Tour of Box Groves
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The Hamlet of Box Grove 151

Community Box Grove
Year Constructed:  1867
Address: 9th Line and 14th Avenue
The village was originally called Sparta but the name was changed when the village acquired its first post office in 1867, the year of Confederation. Prior to the name change, the village was also referred to as "Sparty Wharf", as its location marked the head of navigation of the Rouge River. The village was the site of a sawmill, a woolen mill, and a shoddy mill. Theses mills were established on land owned by the Tomlinson family that was purchased in 1815. Along with William Beebe, a respected village toolmaker, the Tomlinsons created several village lots registering the Tomlinson – Beebe plan in 1850 at the York Country Registry Office. Village lots 100 and 250 feet wide by 250 feet deep were created for the homes and businesses of the burgeoning settlement.

Box Grove developed a reputation as a rough, working man’s village, being home to no less than three taverns. Paul Burkholder, a long time local resident, wrote in 1966 that, “The Demon Rum had a toe hold in Sparta, in fact at one time you could say he had both feet firmly planted there, for there were three hotels in operation at once!” He went on to recall that it was said that Peter Reesor had a very pessimistic view of Sparta, for when he was forced to travel through, he always put the whip to the horse to get out quickly and escape the wrath of God, which he felt was imminent.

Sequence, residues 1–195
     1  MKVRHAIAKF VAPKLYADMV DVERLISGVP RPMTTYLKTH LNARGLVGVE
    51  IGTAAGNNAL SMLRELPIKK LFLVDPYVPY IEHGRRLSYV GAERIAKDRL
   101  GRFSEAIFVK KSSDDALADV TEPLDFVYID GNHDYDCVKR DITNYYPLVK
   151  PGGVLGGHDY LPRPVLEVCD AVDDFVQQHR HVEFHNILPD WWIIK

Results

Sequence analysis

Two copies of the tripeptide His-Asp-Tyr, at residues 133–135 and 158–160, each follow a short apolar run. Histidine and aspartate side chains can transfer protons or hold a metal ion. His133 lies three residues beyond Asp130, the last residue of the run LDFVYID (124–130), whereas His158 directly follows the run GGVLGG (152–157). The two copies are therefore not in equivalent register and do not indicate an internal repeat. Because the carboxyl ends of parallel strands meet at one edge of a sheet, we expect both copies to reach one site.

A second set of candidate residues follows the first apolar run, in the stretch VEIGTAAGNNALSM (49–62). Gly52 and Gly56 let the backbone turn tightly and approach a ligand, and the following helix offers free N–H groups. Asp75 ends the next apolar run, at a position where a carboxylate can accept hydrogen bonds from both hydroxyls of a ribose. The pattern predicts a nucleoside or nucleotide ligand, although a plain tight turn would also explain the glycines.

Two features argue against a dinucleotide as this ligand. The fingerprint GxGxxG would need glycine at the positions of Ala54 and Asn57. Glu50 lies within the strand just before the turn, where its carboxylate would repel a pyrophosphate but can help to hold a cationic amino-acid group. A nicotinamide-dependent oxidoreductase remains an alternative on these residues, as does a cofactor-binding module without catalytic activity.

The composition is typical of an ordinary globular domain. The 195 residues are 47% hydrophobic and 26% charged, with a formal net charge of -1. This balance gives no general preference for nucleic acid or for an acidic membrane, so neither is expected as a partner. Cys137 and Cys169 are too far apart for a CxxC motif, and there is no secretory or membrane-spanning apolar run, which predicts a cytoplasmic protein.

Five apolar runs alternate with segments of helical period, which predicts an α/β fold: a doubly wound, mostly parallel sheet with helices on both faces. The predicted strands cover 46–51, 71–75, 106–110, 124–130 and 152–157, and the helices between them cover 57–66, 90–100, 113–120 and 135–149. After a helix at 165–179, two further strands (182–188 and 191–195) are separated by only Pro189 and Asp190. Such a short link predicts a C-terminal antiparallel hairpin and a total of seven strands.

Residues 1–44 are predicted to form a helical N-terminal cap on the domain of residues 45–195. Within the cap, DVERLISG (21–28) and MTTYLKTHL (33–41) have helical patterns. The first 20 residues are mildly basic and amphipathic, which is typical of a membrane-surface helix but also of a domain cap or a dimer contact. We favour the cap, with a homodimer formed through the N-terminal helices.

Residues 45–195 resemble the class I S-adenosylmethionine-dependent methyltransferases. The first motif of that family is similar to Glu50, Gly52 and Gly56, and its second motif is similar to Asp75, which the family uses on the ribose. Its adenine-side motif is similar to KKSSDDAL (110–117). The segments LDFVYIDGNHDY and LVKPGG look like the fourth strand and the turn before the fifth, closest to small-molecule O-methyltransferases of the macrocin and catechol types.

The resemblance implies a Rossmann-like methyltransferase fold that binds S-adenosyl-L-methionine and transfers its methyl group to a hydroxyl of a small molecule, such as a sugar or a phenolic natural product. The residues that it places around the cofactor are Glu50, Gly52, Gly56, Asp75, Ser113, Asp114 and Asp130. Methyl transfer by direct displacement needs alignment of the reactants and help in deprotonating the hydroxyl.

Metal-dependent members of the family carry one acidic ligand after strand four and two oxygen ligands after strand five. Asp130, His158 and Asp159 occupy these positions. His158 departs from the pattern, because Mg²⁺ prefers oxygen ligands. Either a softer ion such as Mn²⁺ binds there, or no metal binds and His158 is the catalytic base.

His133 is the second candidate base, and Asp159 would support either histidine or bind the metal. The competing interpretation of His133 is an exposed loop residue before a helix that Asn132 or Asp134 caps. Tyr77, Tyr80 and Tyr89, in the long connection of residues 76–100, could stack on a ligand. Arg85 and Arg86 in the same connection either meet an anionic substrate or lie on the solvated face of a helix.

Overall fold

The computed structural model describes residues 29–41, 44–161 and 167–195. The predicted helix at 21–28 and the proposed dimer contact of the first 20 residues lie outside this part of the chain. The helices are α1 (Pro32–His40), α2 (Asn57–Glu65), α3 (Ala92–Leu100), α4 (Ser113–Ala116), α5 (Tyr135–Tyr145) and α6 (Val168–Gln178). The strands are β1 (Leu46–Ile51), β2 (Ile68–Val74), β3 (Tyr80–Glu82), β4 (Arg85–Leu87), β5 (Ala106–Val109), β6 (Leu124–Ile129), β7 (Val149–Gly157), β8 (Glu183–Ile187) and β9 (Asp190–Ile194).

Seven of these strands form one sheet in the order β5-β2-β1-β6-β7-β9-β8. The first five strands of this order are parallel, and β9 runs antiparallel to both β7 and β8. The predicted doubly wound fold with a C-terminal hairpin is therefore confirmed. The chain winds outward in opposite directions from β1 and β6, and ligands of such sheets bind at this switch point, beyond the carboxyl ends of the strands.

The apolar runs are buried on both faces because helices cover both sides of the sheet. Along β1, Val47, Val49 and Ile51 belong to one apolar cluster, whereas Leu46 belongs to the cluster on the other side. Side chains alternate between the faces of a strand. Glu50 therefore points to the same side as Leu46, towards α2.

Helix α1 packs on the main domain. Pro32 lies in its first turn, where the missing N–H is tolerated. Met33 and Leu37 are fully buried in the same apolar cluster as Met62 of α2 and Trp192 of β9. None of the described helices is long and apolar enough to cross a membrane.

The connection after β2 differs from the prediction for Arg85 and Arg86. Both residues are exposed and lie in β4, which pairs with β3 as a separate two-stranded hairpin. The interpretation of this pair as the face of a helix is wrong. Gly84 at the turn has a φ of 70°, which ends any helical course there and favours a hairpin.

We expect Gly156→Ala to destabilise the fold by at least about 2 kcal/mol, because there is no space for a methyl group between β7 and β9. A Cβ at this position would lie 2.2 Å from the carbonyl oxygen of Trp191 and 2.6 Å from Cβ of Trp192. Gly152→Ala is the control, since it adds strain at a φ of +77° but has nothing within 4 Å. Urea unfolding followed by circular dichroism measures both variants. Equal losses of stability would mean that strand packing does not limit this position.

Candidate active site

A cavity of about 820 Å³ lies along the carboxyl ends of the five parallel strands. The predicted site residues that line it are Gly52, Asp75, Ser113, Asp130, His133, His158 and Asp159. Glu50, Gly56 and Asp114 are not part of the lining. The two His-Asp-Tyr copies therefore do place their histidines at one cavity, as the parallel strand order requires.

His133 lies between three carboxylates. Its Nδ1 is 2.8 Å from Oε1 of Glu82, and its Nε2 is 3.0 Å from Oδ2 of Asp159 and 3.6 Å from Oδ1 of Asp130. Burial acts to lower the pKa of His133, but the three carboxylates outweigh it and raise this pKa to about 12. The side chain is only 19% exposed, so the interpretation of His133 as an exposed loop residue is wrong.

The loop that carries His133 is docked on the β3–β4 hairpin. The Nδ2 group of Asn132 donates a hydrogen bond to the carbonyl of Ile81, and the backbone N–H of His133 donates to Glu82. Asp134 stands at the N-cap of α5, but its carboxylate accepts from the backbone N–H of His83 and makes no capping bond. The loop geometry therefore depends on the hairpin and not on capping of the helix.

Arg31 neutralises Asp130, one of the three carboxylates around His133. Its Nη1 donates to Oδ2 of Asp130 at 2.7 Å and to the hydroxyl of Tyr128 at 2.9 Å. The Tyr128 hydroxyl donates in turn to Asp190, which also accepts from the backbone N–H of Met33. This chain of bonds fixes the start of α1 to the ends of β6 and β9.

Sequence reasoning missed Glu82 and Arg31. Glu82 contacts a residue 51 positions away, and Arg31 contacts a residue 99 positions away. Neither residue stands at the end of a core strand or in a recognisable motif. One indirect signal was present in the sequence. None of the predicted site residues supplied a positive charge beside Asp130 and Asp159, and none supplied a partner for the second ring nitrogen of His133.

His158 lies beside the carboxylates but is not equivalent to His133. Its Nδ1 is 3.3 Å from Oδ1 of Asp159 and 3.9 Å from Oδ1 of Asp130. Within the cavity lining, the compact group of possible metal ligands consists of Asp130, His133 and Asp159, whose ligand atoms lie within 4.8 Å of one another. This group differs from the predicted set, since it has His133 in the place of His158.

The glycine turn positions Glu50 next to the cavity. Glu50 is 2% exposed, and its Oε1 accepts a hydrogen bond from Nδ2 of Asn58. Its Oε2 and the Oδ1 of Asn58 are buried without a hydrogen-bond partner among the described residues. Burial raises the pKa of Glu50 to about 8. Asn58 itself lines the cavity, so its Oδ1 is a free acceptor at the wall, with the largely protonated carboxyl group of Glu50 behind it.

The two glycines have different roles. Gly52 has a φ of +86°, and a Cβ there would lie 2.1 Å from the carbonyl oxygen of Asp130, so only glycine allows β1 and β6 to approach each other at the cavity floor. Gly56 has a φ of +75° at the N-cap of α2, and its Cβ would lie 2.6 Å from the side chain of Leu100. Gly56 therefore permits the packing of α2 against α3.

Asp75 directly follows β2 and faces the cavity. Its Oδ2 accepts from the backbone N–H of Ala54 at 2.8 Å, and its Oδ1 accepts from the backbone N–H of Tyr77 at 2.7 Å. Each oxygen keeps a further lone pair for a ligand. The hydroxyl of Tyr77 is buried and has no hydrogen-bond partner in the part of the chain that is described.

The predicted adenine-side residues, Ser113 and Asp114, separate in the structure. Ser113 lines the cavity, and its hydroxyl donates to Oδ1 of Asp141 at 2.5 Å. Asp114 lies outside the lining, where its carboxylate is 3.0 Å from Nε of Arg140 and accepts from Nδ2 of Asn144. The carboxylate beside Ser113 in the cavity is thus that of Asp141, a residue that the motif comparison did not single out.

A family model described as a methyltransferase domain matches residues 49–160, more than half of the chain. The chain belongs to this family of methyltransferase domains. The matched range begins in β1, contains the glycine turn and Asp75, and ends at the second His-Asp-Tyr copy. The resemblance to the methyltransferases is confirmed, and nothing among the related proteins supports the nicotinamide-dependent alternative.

One of the hotels referred to by Paul Burkholder was The White Rose Hotel and Tavern owned and operated by James Thomas. Gradually, the mills that powered the economy of Box Grove disappeared and the village diminished in importance. By the turn of the last century, the White Rose Hotel was the last to operate in Box Grove. The hotel eventually was bought by Joe Pagnello who emigrated from Italy to Toronto in the early 1900’s. In a shameful and sad footnote to Markham’s history, the Pagnello house was burned down around 1910, by some locals who were opposed to foreigners moving into their community. A very modest house was rebuilt on part of the foundation of the old hotel in 1910 and the current owner Roccie Pagnello claims that he was born in the barn at the rear of the lot in 1926 or 1927. The current address of the building is 6788 14th Avenue.